Spotlight Article: A Day of Chaos
As a Director, it was the hardest day of my career so far - trying to hold back your feelings, your emotions, your anger - while being on-the-air with non-stop live coverage of the tragic events in New York, Washington and Pennsylvania. Whether you agree or disagree that six years after the fact, we - the media - still do too much coverage of the anniversary, it's worthy of looking back on that day behind the scenes at WKYC.
At 9 am, the phone rang. A friend called to ask me if I had seen the jet crash into the World Trade Center. "It had to be an accident," I said to myself still half awake - perhaps it was just a small commuter plane and wasn't that big a deal. I was not comprehending what I was hearing. After all, I was on vacation and news was the furthest thing from my mind. Then I get the second call...about a second plane and realized this is something bad.
I jumped out of bed, turned on the TV and couldn't believe what I was watching. It looked like one of those doomsday movies you see at the theater... This was real. Real buildings were burning...real people were panicked...and every station I turned to was on the air with the same horrible pictures.
Then the towers collapsed one by one. My heart sank. I began to cry each time. I was witnessing people dying on my TV.
I called the station to see if they needed me. My boss, Terry Moir, answered the newsroom phone - and I knew that wasn't good. The place was in chaos - by this time, downtown Cleveland was being evacuated and everyone was being sent home. Terry said they were fine.
Moments later, the phone rang again. Terry said I better come in right away.
Driving to the station was serene.. By the time I arrived around noon - downtown was a ghost town...there was an eerie silence about it - no jet traffic overhead, few cars, no trucks - nothing by a dead silence.
I remember walking into our control room and seeing the grief on everyone's faces. Never before had I seen so many people crammed into the control room, answering phones, producers trying to gather information and directors lining up to take turns doing a half hour at time. Ned Tate, Al Wohl, and myself took over the coverage after morning directors Mark Bogden and Tammy Morris finished their time.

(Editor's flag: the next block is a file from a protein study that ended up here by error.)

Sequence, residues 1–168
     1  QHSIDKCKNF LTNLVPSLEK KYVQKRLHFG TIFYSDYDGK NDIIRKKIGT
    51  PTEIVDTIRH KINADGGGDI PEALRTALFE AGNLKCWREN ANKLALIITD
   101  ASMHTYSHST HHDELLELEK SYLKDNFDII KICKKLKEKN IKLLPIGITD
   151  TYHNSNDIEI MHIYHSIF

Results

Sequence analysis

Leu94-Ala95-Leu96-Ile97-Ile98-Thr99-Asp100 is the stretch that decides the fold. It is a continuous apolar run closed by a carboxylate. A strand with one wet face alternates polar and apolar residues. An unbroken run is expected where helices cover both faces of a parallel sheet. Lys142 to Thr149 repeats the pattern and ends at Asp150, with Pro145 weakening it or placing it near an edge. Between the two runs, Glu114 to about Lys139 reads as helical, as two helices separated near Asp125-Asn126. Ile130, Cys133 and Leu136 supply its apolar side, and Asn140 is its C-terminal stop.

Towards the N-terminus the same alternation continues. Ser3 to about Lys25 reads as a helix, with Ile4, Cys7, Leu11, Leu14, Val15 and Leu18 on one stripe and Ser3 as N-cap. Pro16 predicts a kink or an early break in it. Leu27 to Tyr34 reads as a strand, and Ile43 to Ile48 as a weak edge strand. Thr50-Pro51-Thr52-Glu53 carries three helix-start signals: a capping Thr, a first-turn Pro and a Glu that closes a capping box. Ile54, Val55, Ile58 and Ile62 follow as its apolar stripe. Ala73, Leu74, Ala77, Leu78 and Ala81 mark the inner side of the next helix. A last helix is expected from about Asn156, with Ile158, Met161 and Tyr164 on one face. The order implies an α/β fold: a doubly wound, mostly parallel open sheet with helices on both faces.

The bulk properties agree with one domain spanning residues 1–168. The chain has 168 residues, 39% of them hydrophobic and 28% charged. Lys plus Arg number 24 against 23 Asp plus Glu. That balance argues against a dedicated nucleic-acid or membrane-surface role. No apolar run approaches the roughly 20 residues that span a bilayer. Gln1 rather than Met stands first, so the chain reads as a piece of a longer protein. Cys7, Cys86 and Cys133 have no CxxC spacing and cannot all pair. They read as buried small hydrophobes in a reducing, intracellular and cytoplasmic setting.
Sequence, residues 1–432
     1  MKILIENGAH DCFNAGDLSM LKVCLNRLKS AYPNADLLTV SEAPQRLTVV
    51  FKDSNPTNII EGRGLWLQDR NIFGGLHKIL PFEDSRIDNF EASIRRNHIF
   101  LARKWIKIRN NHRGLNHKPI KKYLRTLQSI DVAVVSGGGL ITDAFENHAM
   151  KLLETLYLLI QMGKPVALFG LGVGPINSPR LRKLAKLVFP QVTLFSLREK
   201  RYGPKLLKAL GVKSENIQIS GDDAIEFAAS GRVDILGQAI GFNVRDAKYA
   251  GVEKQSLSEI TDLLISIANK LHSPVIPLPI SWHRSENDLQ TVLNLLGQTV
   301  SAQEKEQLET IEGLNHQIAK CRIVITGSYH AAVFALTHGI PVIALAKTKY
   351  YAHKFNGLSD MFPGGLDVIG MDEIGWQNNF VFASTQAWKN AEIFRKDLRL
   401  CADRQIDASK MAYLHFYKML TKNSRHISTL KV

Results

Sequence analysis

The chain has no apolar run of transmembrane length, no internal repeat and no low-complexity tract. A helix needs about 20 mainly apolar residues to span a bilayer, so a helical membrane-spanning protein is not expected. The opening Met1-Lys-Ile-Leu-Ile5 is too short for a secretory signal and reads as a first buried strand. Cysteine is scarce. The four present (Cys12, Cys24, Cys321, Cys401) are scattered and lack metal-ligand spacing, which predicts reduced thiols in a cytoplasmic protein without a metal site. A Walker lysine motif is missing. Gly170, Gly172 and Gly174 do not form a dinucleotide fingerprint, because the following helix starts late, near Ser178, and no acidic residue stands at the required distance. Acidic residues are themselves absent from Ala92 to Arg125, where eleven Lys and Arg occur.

The decision was then made by our General Manager Brooke Spectorsky that we would continue to broadcast NBC's coverage on Channel 3 - with our non-stop local coverage broadcast on our partner station, WVPX, Channel 23. And so we did. Anchors Tim White and Romona Robinson were on the air for hours and hours trying to tie it all together with a local angle to a truly national tragedy.
I think the hardest part of that day was sitting in the chair, directing and thinking to myself - how am I able to sit here, focus on my job and not get emotional while there was a job to do? Perhaps we are de-sensitized to violence when we work in the news...we aren't allowed to be human when it matters most. And that has been ingrained in my mind ever since. Now every time I direct something bad, I think back to that day.
Earlier, I posted an article about MSNBC rebroadcasting 3 hours of their coverage today as it aired on September 11, 2001. I said to myself I wouldn't watch, but I did - and the whole day came back to me like it was yesterday.
Perhaps it's not a bad thing we remember this event year after year. We need reminded often that bad people want to kill us and we must protect ourselves and our country from becoming terrorized by these bastards.
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